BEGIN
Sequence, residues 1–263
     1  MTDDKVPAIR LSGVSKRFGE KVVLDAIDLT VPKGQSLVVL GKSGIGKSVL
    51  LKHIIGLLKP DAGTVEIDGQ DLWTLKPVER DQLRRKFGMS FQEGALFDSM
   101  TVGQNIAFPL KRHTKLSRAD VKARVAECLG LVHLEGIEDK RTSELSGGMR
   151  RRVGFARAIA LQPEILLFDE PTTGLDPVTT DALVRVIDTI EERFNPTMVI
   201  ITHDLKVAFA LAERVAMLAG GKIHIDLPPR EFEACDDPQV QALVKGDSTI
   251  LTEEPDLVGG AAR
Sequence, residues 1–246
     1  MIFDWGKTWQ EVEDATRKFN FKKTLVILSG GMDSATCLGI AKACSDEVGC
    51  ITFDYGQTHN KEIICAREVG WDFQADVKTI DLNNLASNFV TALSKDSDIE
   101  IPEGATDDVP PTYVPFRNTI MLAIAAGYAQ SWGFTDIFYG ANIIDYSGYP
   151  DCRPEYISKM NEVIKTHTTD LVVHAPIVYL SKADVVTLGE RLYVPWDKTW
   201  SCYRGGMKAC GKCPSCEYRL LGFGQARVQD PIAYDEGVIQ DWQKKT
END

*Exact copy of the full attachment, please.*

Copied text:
Sequence, residues 1–263
     1  MTDDKVPAIR LSGVSKRFGE KVVLDAIDLT VPKGQSLVVL GKSGIGKSVL
    51  LKHIIGLLKP DAGTVEIDGQ DLWTLKPVER DQLRRKFGMS FQEGALFDSM
   101  TVGQNIAFPL KRHTKLSRAD VKARVAECLG LVHLEGIEDK RTSELSGGMR
   151  RRVGFARAIA LQPEILLFDE PTTGLDPVTT DALVRVIDTI EERFNPTMVI
   201  ITHDLKVAFA LAERVAMLAG GKIHIDLPPR EFEACDDPQV QALVKGDSTI
   251  LTEEPDLVGG AAR
Sequence, residues 1–246
     1  MIFDWGKTWQ EVEDATRKFN FKKTLVILSG GMDSATCLGI AKACSDEVGC
    51  ITFDYGQTHN KEIICAREVG WDFQADVKTI DLNNLASNFV TALSKDSDIE
   101  IPEGATDDVP PTYVPFRNTI MLAIAAGYAQ SWGFTDIFYG ANIIDYSGYP
   151  DCRPEYISKM NEVIKTHTTD LVVHAPIVYL SKADVVTLGE RLYVPWDKTW
   201  SCYRGGMKAC GKCPSCEYRL LGFGQARVQD PIAYDEGVIQ DWQKKT